This study will evaluate the relative effectiveness of Relaxation Response (RR) training for
the treatment of rheumatoid arthritis (RA). The study will compare RR training to RR
training with cognitive behavioral therapy and to a standard RA education program.
RR training is a part of most multi-component psychosocial therapies for RA. RR training
may decrease perceived psychosocial stress and autonomic tone, which in turn diminishes pain
and the anticipatory anxiety associated with pain. RR training involves learning relaxation
techniques which include diaphragmatic breathing, progressive skeletal muscle relaxation,
and the induction of a state of focused attention on a chosen word, phrase, or image.
In clinical practice, RR training is generally administered as one component of RA therapy.
In this study, the effectiveness of RR training will be evaluated when RR training is
administered alone and in combination with a cognitive behavioral therapy program. The
cognitive behavior techniques include problem solving, relabeling, enhanced awareness of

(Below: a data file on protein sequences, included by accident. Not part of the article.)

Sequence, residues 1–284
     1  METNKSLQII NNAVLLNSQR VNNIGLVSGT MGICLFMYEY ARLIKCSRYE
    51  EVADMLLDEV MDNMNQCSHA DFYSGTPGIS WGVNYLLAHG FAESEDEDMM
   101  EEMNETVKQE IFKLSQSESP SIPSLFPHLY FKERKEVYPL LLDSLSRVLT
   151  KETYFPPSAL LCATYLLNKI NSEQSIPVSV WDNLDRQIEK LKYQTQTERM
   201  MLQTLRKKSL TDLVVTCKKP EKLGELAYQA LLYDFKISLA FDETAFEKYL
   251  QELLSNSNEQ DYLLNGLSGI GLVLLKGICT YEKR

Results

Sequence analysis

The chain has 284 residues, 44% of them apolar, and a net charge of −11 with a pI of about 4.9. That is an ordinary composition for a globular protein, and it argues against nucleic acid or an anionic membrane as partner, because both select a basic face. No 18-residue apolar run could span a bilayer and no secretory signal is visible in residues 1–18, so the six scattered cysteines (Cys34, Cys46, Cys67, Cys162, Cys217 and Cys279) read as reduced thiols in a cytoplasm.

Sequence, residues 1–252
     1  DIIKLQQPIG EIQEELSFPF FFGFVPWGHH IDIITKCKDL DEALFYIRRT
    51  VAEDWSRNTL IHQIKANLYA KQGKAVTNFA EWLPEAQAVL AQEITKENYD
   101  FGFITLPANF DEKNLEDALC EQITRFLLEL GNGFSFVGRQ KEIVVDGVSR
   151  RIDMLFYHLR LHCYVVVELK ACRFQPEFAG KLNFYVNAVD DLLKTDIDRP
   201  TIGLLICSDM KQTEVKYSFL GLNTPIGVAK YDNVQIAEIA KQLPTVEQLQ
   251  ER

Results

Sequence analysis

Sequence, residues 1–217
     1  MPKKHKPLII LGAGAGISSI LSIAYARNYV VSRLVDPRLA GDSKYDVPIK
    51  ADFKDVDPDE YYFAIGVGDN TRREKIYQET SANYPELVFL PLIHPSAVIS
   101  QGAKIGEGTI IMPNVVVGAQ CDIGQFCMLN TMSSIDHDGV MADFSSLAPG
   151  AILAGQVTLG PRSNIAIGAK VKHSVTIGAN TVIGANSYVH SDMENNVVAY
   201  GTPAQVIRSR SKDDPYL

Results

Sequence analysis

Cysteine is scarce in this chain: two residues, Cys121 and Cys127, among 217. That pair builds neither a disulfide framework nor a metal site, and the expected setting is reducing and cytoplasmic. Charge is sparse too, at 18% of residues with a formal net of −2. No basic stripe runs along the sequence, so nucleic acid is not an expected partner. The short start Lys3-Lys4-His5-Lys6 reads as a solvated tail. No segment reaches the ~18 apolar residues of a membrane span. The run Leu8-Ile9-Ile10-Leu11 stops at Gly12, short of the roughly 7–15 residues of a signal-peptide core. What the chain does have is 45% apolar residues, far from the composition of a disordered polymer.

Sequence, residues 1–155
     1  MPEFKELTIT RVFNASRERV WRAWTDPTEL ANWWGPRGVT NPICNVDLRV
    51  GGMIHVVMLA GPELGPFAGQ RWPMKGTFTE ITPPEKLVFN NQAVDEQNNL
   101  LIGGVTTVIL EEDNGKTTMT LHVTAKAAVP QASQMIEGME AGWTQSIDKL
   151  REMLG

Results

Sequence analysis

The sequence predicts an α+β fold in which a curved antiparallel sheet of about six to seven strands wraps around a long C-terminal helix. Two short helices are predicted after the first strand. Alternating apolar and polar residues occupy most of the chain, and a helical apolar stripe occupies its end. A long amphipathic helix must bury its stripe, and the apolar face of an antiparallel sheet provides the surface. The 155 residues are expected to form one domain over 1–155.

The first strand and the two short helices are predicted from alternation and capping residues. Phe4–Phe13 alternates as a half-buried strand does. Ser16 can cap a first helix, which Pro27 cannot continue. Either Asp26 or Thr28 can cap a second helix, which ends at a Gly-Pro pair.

pain behaviors, and attention refocusing. The effectiveness of RR training will be
evaluated in comparison to standard RA education that includes topics such as the nature of
RA disease, medical therapies, physical activities, nutrition, and pain mechanisms.
After a baseline assessment of health beliefs, RA severity, social support, and
psychological distress, patients will be randomized to one of three study arms. Patients in
Arm A will complete six individualized weekly RR training sessions. Patients will receive a
20-minute audiotape to guide them through the exercise; they are asked to practice 5 to 7
times per week. Patients in Arm B will learn cognitive behavioral and RR techniques during
eight weekly sessions. Patients in Arm C will receive standard RA education. After the
initial training, all patients will be followed up with monthly telephone conversations for
4 months. Patients will have follow-up study visits at Months 6 and 12. Follow-up study
visits include a medical interview, physical exam, and blood tests.
- RA as defined by the American College of Rheumatology
- English literacy and fluency
- Major medical condition or illness which limits life expectancy or results in severe
symptoms or functional disability (Duke Severity of Illness score > 0.85)
- Received or currently receiving psychosocial treatment for RA
- Unavailability for Month 12 follow-up